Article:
North Carolina employers must abide by the Civil Rights Act of 1963 and the Equal Pay Act, both of which prohibit discrimination on the basis of gender. Accordingly, employers may not take sex into account when they determine pay, hire new workers, or promote within the company. They are also required to ensure that working conditions are not hostile toward any one gender and that the atmosphere is not overtly sexual.
What Must be Proven in a Discrimination Claim?
Discrimination can be proven under the Equal Pay act if both men and women do the same type of work for the same employer but are still paid in different amounts. Employers in Burke County can also be held liable in a discrimination claim if their hiring and promotion policies favor one gender, or if the they take retaliatory action against a worker who files a complaint against their employer.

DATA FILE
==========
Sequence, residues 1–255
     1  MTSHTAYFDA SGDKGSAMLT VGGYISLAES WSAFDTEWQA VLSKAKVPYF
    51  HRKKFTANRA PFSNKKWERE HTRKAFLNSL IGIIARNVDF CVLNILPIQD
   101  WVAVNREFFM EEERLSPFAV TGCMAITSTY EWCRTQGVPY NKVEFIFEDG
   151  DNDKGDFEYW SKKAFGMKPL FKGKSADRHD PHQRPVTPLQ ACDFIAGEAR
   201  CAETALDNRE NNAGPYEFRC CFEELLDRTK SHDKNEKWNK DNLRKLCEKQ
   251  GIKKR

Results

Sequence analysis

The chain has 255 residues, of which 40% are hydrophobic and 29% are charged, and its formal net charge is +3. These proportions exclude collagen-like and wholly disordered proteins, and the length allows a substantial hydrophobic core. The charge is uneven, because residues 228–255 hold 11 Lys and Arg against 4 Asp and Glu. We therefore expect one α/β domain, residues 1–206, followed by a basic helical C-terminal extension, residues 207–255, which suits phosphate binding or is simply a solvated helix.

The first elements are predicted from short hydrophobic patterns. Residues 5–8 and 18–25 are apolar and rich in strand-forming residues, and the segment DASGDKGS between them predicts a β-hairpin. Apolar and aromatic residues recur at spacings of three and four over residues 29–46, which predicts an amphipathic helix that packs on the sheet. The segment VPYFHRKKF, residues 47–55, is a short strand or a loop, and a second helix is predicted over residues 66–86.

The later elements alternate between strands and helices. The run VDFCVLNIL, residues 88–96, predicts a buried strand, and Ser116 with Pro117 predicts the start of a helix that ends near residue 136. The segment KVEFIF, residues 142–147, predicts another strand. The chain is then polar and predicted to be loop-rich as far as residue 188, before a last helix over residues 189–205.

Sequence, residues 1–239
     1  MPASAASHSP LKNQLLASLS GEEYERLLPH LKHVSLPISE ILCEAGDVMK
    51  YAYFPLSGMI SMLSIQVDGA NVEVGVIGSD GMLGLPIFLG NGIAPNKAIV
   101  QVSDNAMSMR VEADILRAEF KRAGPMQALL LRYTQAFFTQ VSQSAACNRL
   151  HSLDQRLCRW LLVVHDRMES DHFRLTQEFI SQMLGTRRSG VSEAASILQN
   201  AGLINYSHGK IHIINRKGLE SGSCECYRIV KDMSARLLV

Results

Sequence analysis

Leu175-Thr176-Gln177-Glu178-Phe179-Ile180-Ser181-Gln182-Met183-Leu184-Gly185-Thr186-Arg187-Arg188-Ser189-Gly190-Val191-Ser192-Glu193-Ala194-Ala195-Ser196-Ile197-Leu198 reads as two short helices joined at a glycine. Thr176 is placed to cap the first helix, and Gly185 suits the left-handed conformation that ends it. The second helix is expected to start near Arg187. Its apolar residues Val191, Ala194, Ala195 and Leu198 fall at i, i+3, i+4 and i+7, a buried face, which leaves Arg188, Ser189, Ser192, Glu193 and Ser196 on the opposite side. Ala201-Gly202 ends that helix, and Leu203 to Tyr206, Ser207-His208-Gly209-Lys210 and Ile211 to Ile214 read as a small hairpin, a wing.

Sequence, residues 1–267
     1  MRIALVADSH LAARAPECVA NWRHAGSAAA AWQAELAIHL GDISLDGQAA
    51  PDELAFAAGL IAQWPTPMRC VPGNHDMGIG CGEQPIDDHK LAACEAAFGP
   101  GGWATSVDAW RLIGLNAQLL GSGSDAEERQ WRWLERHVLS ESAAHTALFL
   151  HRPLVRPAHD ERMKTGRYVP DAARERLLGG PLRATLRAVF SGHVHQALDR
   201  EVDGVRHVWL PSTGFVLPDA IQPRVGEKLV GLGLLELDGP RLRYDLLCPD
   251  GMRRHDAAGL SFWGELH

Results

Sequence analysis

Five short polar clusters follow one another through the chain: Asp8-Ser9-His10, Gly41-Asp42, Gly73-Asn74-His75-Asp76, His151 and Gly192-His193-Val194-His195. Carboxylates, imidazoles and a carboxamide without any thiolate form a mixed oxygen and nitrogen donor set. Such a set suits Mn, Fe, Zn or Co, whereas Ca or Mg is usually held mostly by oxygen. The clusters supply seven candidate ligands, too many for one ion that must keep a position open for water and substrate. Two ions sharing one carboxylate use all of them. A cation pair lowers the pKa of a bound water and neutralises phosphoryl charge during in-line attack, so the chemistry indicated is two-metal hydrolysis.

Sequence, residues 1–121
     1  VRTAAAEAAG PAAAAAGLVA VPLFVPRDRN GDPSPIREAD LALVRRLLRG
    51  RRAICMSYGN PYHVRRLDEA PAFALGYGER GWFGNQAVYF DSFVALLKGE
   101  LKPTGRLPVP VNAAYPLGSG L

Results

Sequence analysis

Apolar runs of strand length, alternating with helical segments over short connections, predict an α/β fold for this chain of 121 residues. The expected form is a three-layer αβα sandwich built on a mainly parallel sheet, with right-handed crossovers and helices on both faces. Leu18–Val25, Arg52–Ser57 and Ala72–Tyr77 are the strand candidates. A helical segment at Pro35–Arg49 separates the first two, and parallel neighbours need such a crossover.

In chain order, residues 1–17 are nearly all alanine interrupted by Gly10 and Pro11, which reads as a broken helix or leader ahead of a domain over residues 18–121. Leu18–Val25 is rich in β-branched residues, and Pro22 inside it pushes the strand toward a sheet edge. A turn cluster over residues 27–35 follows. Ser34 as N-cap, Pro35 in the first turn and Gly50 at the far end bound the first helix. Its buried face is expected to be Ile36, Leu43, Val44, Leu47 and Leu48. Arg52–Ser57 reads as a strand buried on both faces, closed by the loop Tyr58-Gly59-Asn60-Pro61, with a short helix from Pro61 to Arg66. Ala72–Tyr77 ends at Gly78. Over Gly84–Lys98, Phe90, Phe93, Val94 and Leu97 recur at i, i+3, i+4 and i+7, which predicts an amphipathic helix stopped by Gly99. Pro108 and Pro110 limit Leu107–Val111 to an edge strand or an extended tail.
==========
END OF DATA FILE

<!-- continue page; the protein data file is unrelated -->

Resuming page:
When is Sexual Harassment Prohibited?
Sexual harassment consists of any unwanted conduct of a sexual nature directed towards the victim, and includes both physical and verbal acts. An employer in Burke County may be liable for such conduct, even when it is simply other co-workers that have engaged in harassment.
North Carolina employers who allow conduct to produce an overly sexual work atmosphere might also be held liable for sexual harassment. Without a lawyer, it can be difficult to prove gender discrimination because the details in proving intent are often complicated. Additionally, there can be specific procedures that must be closely followed in pursuing a claim.